Battle of Ideas. The calm before the storm… with Dr Dana Mills (left of the picture), Dr Tiffany Jenkins, Alka Sehgal Cuthbert and Professor Selwyn Cudjoe.

If you have never been to the Battle of Ideas before, I highly recommend it. A weekend filled with conversation, debate and interesting people discussing a range of issues from Brexit to clowns in towns. I took part in two panels. The first was titled ‘History Wars‘ and was based on Margaret MacMillan’s book ‘Uses and Abuses of History’ and was more like an enlightening conversation than a debate. What was clear is that history teaching still has much to do in terms of its image with the general public in relation to the topics taught or how it is taught. I recommended Teaching History to the audience if they wanted to see the rigour in the classroom but I am not sure there will be many takers! The second panel, ‘Decolonising Education‘ touched on the ‘Why is my curriculum white?’ debate and the protests around the Cecil Rhodes statue in Oxford. The discussion was heated and the audience were certainly engaged! I intend to pick up some of the themes in the discussion over the next few months but it did make me think carefully about why I normally discuss Carr and Elton in relation to UCAS personal statements rather than Ibn Khaldun.

I look forward to returning to the Battle of Ideas next year and making a shorter trip home, as we are part way through the move back to the South East of England. My wife became pregnant with our first child earlier this year (hurrah!),  but she has been quite unwell – to the point that she is currently unable to do the job she loves (boo!). With no family and support network around us in the Midlands and with a baby on the way, it was logical to move back ‘home’ to the South East. We’re in the process of packing – or rather I am while she ‘supervises’ – so watch this space for a longer blog post once we’ve made the move! Needless to say, we’re both very excited about new beginnings.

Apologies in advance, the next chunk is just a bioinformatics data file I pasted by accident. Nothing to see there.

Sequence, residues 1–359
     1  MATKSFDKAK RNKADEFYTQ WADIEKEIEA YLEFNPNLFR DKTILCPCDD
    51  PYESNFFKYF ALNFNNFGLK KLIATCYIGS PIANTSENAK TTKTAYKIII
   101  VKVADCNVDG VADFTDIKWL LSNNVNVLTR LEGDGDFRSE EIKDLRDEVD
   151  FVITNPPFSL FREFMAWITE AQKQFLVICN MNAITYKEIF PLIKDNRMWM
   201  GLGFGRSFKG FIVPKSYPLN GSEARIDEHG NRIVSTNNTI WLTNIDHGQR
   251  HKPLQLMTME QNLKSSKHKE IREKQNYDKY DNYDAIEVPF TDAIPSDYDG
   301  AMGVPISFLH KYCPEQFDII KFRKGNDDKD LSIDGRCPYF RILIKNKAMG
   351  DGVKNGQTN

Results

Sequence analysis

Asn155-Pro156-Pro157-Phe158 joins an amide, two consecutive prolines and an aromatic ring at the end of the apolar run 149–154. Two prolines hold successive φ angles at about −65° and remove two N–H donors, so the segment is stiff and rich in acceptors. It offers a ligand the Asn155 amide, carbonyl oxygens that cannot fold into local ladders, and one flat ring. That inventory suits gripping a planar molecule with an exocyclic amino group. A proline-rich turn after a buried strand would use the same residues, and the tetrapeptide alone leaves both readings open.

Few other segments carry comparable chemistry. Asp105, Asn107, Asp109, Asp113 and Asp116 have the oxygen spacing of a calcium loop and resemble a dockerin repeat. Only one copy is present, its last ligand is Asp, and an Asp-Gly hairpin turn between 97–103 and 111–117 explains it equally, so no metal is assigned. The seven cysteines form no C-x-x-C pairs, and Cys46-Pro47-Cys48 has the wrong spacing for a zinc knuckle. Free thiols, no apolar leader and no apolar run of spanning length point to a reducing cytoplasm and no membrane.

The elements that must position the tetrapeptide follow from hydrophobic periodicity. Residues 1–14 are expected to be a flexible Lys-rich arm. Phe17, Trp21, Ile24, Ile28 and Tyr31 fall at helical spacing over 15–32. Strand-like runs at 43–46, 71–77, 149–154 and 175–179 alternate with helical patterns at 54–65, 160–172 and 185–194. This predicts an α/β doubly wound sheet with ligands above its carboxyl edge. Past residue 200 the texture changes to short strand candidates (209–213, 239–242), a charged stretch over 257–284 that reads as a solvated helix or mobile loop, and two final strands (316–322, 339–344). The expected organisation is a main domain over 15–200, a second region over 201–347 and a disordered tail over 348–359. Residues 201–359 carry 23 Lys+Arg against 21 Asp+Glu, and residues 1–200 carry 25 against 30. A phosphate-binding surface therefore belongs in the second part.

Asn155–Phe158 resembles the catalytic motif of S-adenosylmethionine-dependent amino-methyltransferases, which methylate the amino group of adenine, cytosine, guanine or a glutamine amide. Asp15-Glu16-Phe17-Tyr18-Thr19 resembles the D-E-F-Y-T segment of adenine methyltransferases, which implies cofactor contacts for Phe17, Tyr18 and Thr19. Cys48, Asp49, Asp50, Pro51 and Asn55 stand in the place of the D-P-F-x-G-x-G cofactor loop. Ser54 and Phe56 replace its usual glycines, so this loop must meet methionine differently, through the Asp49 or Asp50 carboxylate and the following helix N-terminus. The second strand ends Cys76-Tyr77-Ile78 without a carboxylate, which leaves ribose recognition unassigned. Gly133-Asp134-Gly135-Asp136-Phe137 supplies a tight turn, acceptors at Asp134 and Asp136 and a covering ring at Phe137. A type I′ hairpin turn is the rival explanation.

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How not to ‘whitewash’

The #RhodesMustFall campaign has been interesting because the main goal to remove the statue of Cecil Rhodes, imperialist and benefactor, has failed. Equally interesting has been the opposition, which has centred around the seemingly simple argument that one should not ‘whitewash’ history (an interesting choice of words considering the reasoning behind the campaign).

This argument in particular assumes that the history behind monuments and buildings is apparent to everyone. It is not. I have no doubt that many people had no idea who Cecil Rhodes was and what he did when they walked past Oriel College. Without context, the statue presented a limited narrative. The campaigners have called for Oxford to ‘acknowledge and confront its role in the ongoing physical and ideological violence of empire’, and there is a simple way to do this.